“Premiere” (season 1, episode 1; originally aired 3/19/1999)
“Each man gets his chance to be his own kind of hero. Your time will come and when it does, watch out. Chances are it’ll be the last thing you ever expected.”
When creating their characters, space-based science fiction shows often run into a problem of relatability. After all, James T. Kirk and Jean-Luc Picard are the captains of the Enterprise, the flagship of Starfleet and home to its most accomplished officers. They are brilliant tactical minds who can be counted on to emerge triumphant while routinely facing situations we would find utterly incomprehensible. Even when characters in sci-fi shows aren’t so explicitly the best of the best—like, say, the ragtag crew of Serenity—they all still possess a knowledge base vastly different from our own. Their history is different, their science is different, their technology is different, and their pop culture, assuming they have any, is completely different. None of these are insoluble problems, of course, but they do present a basic layer of separation between the show’s characters and its intended audience.
Farscape is something else entirely. The show, which aired on what was then the Sci-Fi Channel from 1999 to 2003, presents as its main character John Crichton (Ben Browder, whom newer genre fans might recognize from recent guest spots on Doctor Who and Arrow), an astronaut from contemporary Earth. As initially presented to us in “Premiere”, Crichton is as close as any science fiction show like this is ever going to get to the consummate everyman. He may be smarter and in better shape than the typical person—he is an astronaut, after all—but he’s just as flummoxed as anyone would be when he suddenly finds himself lost somewhere in the universe among a myriad of strange, hostile aliens. Indeed, after being attacked and nearly killed by just about everyone he meets, Crichton specifically mentions that Steven Spielberg had no idea what he was talking about when he made Close Encounters. Farscape is fundamentally about what would happen if one of us were suddenly flung halfway across the universe, although “Premiere” only scratches at the surface of that intriguing concept; its deeper implications will be explored later.
The show is the brainchild of Rockne S. O’Bannon, a veteran TV writer whose other credits include writing the screenplay for Alien Nation and creating the Roy Scheider submarine show seaQuest DSV (not to mention the recent CW trainwreck Cult), and Brian Henson, the son of legendary puppeteer Jim Henson and the longtime chairman of his father’s eponymous company. The show was produced in Australia and ran first on the country’s Nine Network before wending its way to the United States—the show featured a primarily Australian cast and production team, although the writing staff was mostly American. Brian Henson and his team provided the show’s state-of-the-art prosthetic and animatronic elements, most notably in the form of two of the show’s main characters, Rygel and Pilot, who are quite possibly the most complex puppets ever built. The end result is a show that feels uniquely alien, and its visuals generally stand up better than many of its sci-fi contemporaries.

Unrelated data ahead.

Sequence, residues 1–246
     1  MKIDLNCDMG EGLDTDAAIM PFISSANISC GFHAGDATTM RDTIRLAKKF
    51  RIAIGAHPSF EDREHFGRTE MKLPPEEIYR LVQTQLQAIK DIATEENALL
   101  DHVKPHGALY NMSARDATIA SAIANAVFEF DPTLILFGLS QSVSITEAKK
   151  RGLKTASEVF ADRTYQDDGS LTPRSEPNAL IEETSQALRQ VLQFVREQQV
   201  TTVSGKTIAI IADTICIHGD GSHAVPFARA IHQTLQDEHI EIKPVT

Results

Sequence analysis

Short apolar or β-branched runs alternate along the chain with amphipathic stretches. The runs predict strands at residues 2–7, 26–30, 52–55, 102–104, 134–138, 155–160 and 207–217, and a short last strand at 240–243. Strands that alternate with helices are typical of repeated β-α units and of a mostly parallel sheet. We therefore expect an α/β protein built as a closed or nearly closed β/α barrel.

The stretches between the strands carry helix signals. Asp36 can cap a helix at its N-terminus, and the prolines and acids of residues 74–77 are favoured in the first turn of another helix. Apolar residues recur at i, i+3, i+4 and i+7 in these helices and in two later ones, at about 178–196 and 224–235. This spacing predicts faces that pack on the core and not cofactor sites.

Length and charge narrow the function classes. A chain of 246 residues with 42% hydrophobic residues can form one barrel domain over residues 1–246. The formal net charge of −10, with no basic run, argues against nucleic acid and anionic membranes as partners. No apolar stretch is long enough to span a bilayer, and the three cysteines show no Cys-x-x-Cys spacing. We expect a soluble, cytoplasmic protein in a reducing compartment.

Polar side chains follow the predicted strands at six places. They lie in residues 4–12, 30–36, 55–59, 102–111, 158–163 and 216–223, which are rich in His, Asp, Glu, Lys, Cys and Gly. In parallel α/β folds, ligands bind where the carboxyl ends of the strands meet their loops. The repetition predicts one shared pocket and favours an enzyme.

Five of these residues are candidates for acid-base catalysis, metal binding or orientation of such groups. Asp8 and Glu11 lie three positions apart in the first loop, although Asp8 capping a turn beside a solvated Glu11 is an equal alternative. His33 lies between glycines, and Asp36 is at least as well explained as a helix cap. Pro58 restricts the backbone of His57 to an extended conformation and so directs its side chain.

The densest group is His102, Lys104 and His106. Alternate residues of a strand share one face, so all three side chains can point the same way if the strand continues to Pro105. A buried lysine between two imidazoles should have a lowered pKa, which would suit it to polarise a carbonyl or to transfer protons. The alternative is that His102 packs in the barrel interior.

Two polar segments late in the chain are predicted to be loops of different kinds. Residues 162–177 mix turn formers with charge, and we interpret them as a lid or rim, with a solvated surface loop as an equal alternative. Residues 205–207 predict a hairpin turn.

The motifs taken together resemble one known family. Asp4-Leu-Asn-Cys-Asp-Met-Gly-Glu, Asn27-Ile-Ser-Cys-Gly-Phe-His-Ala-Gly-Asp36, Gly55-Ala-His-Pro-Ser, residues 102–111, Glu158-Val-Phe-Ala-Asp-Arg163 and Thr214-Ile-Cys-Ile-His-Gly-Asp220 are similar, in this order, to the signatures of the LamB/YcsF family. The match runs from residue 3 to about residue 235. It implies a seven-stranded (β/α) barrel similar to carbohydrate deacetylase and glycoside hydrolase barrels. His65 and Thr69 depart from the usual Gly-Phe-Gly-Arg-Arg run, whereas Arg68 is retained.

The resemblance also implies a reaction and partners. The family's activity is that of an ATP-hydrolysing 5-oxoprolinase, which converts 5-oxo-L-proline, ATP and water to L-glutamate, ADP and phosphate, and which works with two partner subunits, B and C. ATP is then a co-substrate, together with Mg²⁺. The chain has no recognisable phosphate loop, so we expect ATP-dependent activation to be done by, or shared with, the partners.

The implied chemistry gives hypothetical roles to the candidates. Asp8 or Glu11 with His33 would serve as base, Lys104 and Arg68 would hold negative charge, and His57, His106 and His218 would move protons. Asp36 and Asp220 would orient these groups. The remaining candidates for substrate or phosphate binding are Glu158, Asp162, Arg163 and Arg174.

The episode opens at Cape Canaveral, as American astronaut John Crichton is set to head into space to test out Farscape-1, an experimental module of his own design that will theoretically use Earth’s gravity to achieve unprecedented speeds and potentially set the stage for interstellar flight. Crichton has the oddest sense something big is about to happen, but his concerns are momentarily allayed after a pre-launch chat with his father, legendary Apollo astronaut Jack Crichton (Kent McCord, who conveys much of the same old-school, all-American qualities he brought to his starring role on the long-running Dragnet spin-off Adam-12). Jack gives his son the sage advice quoted at the top of this review, which is one of a few lines in “Premiere” that serve as mission statements for the show’s central characters. While testing Farscape-1 up in Earth’s orbit, Crichton gets caught in a wormhole, a mysterious tunnel in space-time that sends him hurtling through the universe to parts unknown, leaving Earth behind and kicking off Farscape proper.
So what strange new universe does Crichton arrive in? His module emerges in an asteroid field in the midst of a space battle between dozens of small starfighters and a single gigantic ship, which uses its tractor beam to pull him aboard—though not before Crichton’s unexpected presence causes one of the fighters to clip his module’s wing and explode. Once aboard the starship, Crichton soon learns this was until extremely recently a prison ship, and a trio of alien newly liberated inmates have gained control and are currently attempting to escape their captors. They pulled in Crichton’s ship because they hoped he knew the secrets of wormhole travel, a technology with which they are unfamiliar. Before Crichton (or the audience, for that matter) can get his bearings, he is choked, shoved, interrogated, spat upon, and finally rendered unconscious when stung by one of the alien’s tongues. When he awakens, he finds himself naked in a prison cell with a captured fighter pilot, whose species turns out to be identical in appearance to humans. Of course, the moment he attempts to greet the newcomer he’s thrown against a wall, kicked multiple times, pinned to the floor, and again ordered to identify himself.